Read Winterfrost Online

Authors: Michelle Houts


BOOK: Winterfrost
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Christmas Eve





Something in the Air

Winter Nap






Gone Again




Breakfast Underground





Swept Away







Spoken Truths





More Mischief




From the outside looking in, it might have appeared to be an ordinary Christmas on the Larsen family’s farm, nestled among the flat, snowy fields of an island called Lolland in the south of Denmark. The scent of kringle fresh from Mor’s oven mingled with the woodsy smell of the wispy white pine that Far had brought indoors just hours before. Packages with neatly tucked corners and perfectly tied ribbons lay tempting beneath the tree.

Bettina Larsen secured small white candles to the tree’s now-drooping boughs as little Christmas nisse decorations on the mantle conspired to lift her spirits. They tumbled and teased in their tiny brown coats and boots, their red stockings and pointed caps.

There was a fine duck roasting in the oven. There were family and friends and neighbors stopping by. Lively music filled the house as the Larsens circled the tree, hand in hand, their voices raised with songs the children learned early and the old would never forget. And despite the heaviness that weighed upon Bettina’s heart this Christmas, there was a hint of a smile as she watched her baby sister twist herself up in ribbons and bows. What a gift baby Pia had been almost a year earlier, bringing new life to a home that had just said farewell to an old one.

Yes, it looked like an ordinary Christmas Eve, but it wasn’t. Bettina wondered if there would ever be an ordinary Christmas without Farfar.

And then came the phone call. The phone call, which brought the news. The news, which was followed by the flurry of suitcases and last-minute instructions.
Feed the animals; keep the wood-fired furnace going; call if you need us. Everything will be just fine.

It should have been an ordinary Christmas on the Larsen farm, nestled among the flat, snowy fields of an island called Lolland in the south of Denmark. But it wasn’t. And if it had been, well, we wouldn’t have much of a story to tell, now, would we?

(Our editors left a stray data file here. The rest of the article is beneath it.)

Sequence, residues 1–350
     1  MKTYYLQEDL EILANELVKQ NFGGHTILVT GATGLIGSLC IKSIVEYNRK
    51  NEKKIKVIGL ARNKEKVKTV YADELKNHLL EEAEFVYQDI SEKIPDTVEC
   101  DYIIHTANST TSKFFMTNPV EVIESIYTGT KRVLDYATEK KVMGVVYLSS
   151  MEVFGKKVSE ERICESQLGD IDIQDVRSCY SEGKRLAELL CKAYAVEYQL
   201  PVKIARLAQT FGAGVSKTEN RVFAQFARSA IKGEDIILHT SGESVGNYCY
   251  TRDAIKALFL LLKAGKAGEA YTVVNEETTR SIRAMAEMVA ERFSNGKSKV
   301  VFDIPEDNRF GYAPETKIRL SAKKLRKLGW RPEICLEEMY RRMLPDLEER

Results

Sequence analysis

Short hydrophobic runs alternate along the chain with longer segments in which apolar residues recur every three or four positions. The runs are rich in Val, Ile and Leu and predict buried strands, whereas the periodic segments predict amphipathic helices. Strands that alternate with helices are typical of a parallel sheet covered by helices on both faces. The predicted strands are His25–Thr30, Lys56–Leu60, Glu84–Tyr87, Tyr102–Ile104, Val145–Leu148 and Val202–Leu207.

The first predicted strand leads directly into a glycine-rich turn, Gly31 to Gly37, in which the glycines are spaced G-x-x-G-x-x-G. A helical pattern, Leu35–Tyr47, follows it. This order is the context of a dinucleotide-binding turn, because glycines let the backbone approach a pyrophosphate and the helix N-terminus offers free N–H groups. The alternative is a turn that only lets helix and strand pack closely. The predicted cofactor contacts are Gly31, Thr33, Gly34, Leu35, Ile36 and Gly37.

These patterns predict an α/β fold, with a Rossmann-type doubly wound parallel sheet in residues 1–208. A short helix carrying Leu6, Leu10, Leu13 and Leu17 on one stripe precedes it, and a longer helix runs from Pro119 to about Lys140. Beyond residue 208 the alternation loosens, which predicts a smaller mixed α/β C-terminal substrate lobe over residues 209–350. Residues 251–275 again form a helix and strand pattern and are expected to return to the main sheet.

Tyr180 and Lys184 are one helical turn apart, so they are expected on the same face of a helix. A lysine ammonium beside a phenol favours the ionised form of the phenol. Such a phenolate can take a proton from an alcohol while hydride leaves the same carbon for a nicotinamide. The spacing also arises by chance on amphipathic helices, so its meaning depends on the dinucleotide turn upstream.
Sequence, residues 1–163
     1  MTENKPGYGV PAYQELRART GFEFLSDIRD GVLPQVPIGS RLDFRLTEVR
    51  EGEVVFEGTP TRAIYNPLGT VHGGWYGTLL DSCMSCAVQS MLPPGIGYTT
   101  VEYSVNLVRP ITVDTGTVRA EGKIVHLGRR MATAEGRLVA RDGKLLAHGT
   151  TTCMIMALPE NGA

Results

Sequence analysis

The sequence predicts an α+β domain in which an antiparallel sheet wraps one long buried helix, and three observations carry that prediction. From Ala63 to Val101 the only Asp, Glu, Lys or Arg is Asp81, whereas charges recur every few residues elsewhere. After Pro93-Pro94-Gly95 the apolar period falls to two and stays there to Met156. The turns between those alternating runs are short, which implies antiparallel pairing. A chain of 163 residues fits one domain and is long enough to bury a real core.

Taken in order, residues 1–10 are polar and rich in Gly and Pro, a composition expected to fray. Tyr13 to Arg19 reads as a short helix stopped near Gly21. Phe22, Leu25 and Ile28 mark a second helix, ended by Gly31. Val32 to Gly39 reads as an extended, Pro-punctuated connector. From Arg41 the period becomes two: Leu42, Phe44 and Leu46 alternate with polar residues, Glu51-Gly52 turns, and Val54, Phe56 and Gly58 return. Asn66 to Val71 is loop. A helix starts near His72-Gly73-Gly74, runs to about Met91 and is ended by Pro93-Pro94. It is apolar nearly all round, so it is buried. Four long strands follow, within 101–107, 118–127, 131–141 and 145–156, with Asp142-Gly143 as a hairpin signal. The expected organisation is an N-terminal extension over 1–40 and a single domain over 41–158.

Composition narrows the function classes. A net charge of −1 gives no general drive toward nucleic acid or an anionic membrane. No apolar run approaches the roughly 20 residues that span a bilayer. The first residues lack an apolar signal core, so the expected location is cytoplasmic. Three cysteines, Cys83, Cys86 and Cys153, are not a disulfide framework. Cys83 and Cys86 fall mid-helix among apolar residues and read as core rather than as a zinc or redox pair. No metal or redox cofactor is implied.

In spite of the chaos of the evening before, everything appeared to be going quite well the night after Christmas Eve. Bettina made a respectable supper for herself and baby Pia from holiday delicacies left from the previous day’s celebration. She stacked the dishes neatly to dry after washing them — just as Mor would have done if she were there.

After supper Bettina took care to bundle Pia tightly before braving the bitter December air to feed the horses, goats, and chickens. In less than a week, the family would celebrate Pia’s first birthday. There would be a big celebration with layer cake and neighbors and loved ones. Sorrow and joy played a game of tug-of-war inside Bettina’s heart. This had always been Farfar’s most beloved time of year. He loved Christmas, and he would have loved that Pia was born so close to his favorite holiday. Bettina remembered how he had taught her to fold red and white paper hearts when her tiny fingers were barely coordinated enough to crease the paper. He’d taken her to the barn and shown her how to twist slick yellow straw into sleek little
or Christmas goats, with tightly braided horns. But in the year since Farfar had died, Bettina’s joy for the holiday had disappeared, stored away inside her like the paper hearts and straw goats in the attic. Christmas at the Larsens’ could never be the same without Farfar.